An electric motor is an energy conversion device like internal combustion engines, but instead of using the energy in a liquid fuel they use energy supplied by electricity. An electric motor requires an interaction between the rotating parts and the stationary parts. Two common types of interaction are conduction and induction. The principles of a conduction motor will be used to explain the function of electricity motors.
Electricity flowing through a conductor induces an electrical magnetic field around the conductor. This electromagnetic field will have a plus (+) and a
FIGURE 28.1. Simplified electric motor.
minus (-) polarity. When the electromagnetic field comes in contact with the permanent magnetic field supplied by the magnets, a force is produced, because similar polarities repel each other and opposite poles attract each other. The strength of the force is influenced by the strength of the current, the strength of the magnetic field and the angle between the conductor and the magnetic field, Figure 28.1.
In Figure 28.1, the commutator supplies electricity to the loop of wire. The electromagnetic field reacts with the permanent magnetic field supplied by the permanent magnets. This causes the wire loop to rotate. A conductive electric motor has many individual loops wrapped around the rotor and each one of them rotates a few degrees when they are energized by the commutator. Because a continuous series of loops become energized the rotor continues to rotate as long as power is being supplied to the commutator.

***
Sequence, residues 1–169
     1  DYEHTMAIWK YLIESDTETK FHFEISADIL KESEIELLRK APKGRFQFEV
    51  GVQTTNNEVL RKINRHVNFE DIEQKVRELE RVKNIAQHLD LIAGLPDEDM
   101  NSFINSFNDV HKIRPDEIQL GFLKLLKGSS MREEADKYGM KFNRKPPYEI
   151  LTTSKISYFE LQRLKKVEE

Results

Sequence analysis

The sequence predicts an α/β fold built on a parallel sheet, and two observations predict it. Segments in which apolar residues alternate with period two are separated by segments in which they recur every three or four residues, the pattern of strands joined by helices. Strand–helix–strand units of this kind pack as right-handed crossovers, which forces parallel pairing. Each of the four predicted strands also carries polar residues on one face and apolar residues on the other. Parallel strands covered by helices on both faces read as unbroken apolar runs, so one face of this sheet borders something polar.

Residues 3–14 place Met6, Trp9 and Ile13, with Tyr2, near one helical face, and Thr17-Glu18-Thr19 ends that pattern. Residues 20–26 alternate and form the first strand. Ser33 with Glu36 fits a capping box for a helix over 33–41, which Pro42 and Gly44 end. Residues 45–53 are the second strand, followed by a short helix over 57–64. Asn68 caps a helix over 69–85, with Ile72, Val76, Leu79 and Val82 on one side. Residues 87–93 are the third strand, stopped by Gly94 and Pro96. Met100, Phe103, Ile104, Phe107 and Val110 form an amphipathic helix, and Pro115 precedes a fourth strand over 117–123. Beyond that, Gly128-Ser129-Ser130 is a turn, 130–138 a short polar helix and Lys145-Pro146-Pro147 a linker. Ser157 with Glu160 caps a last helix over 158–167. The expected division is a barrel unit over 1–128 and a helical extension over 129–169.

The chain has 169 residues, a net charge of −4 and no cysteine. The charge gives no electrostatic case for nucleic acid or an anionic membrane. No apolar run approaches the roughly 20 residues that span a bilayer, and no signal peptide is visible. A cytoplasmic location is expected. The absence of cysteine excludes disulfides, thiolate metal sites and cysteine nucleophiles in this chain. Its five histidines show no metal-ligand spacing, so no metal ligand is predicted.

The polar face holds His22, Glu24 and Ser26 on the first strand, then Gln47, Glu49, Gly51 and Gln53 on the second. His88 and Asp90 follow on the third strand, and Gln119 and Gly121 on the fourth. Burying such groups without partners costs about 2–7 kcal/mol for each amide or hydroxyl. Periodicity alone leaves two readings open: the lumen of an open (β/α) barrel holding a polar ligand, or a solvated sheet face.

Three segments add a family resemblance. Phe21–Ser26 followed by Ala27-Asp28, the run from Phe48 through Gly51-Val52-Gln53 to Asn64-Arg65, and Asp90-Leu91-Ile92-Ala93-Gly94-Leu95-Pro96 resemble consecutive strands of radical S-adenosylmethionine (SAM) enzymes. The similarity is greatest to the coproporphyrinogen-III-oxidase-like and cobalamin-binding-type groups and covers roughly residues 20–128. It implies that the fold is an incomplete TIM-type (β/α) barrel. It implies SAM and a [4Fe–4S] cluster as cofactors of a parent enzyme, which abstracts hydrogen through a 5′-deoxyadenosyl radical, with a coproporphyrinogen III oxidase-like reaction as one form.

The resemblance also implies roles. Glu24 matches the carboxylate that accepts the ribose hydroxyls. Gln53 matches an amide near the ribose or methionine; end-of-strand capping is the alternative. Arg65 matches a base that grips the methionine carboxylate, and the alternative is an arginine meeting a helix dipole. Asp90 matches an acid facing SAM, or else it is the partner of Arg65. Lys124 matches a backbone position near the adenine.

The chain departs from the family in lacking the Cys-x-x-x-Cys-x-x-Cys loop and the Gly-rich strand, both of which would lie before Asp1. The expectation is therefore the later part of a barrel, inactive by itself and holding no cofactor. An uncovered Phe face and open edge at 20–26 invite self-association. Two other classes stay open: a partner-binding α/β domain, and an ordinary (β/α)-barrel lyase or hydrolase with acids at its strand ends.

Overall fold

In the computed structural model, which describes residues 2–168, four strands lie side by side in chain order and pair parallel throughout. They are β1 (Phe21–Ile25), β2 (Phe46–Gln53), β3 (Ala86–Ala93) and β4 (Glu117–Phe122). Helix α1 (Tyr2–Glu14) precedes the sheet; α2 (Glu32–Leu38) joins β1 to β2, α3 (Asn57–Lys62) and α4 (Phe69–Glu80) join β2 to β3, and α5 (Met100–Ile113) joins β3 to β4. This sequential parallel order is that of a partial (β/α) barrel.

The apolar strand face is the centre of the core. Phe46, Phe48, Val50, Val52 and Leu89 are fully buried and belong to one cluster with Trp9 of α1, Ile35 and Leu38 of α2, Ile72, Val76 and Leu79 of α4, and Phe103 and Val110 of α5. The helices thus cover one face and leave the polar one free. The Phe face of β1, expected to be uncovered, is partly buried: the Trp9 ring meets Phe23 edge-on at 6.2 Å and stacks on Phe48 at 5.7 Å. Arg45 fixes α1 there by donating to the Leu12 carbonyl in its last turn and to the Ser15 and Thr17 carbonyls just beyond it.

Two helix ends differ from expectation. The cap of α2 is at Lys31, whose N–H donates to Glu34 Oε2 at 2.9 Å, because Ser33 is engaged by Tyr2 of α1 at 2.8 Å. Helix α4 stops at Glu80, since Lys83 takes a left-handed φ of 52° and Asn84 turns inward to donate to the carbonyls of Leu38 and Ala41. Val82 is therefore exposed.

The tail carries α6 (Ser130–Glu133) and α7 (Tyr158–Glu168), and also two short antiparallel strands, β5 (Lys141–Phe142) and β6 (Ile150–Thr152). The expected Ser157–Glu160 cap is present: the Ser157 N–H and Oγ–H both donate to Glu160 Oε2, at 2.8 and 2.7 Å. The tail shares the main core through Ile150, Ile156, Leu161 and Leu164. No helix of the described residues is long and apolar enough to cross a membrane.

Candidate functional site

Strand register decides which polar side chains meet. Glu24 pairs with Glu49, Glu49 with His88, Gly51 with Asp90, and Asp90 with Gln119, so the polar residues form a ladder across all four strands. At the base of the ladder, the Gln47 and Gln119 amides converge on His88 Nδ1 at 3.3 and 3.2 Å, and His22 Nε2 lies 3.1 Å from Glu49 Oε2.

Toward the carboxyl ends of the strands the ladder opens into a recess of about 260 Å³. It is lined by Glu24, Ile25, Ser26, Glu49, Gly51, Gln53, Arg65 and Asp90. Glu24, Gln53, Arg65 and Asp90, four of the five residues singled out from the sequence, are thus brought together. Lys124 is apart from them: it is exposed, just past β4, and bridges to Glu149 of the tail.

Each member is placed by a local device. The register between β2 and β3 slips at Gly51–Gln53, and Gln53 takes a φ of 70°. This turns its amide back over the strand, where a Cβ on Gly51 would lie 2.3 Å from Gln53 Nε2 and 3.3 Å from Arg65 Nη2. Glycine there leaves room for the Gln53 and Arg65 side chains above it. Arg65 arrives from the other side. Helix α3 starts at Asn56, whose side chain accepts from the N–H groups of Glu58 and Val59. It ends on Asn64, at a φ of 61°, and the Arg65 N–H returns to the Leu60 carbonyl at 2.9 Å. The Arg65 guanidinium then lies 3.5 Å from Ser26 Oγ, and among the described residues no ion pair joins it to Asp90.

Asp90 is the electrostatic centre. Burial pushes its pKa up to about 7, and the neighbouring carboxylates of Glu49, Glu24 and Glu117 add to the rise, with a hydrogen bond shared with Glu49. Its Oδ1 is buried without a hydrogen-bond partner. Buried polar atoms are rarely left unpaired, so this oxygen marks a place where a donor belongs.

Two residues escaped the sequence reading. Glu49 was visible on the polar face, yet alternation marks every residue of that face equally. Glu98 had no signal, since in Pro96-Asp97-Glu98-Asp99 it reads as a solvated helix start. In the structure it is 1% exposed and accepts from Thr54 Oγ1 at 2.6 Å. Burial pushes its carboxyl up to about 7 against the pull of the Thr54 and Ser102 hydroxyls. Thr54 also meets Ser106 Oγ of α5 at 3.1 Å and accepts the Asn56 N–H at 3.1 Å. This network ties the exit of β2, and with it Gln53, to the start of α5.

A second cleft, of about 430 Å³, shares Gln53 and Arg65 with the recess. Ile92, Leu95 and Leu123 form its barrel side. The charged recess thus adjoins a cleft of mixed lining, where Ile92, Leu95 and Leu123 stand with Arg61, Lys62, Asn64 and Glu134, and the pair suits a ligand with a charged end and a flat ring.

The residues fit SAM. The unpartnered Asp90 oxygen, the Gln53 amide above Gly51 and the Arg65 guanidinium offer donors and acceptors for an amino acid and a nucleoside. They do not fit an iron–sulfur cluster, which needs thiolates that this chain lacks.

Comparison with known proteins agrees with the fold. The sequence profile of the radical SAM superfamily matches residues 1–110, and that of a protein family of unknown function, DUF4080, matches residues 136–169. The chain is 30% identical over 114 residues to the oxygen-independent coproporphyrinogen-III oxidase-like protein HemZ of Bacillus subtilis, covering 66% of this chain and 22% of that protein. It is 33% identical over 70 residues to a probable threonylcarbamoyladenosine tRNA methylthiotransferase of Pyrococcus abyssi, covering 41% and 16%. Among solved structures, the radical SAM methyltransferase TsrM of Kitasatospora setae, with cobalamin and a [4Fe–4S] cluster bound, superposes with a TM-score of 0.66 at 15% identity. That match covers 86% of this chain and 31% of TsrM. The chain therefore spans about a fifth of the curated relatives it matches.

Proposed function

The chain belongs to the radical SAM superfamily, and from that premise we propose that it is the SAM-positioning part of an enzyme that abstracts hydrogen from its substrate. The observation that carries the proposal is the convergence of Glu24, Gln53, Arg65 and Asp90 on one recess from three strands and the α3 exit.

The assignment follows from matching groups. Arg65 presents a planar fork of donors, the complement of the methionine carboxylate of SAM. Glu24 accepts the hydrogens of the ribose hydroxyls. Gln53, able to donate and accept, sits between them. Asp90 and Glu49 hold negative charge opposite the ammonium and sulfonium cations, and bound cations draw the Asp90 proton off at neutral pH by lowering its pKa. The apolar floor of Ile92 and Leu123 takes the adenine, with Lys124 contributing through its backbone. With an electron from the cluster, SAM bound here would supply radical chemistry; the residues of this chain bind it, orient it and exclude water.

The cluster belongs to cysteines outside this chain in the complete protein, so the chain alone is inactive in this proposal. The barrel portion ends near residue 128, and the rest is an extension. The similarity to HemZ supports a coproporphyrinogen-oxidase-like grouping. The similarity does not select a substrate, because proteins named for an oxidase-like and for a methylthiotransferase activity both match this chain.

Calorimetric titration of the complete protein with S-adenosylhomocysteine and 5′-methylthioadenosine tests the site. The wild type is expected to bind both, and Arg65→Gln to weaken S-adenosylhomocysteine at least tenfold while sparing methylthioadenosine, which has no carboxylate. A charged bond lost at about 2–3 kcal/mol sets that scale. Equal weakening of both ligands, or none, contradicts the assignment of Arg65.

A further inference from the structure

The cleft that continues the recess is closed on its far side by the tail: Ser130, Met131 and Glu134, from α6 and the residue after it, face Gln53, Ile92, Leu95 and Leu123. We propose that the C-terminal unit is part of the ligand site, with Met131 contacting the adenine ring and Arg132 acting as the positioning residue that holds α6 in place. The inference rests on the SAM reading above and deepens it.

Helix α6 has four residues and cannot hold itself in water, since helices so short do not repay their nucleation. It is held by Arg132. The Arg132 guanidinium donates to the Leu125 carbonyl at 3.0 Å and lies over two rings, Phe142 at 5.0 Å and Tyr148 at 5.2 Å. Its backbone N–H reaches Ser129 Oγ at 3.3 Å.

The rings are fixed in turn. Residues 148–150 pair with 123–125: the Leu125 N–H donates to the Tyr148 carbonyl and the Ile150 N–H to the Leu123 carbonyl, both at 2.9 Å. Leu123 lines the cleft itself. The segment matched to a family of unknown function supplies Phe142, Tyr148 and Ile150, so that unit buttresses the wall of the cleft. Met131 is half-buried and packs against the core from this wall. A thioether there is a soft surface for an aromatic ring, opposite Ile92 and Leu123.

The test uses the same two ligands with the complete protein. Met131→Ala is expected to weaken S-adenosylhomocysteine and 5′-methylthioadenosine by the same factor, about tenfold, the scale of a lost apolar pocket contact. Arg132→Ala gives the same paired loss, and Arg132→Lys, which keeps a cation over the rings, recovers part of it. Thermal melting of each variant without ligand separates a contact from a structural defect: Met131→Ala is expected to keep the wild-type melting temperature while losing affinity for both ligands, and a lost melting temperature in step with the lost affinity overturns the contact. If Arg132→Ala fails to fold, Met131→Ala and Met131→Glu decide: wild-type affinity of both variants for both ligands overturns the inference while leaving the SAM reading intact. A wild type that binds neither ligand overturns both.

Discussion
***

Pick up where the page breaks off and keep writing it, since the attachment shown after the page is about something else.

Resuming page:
Many different types of motor are used and they are categorized by their type of electricity and the type of interaction they have between the rotating part and the stationary part of the motor. The following section will discuss some of the advantages and disadvantages of electric motors.
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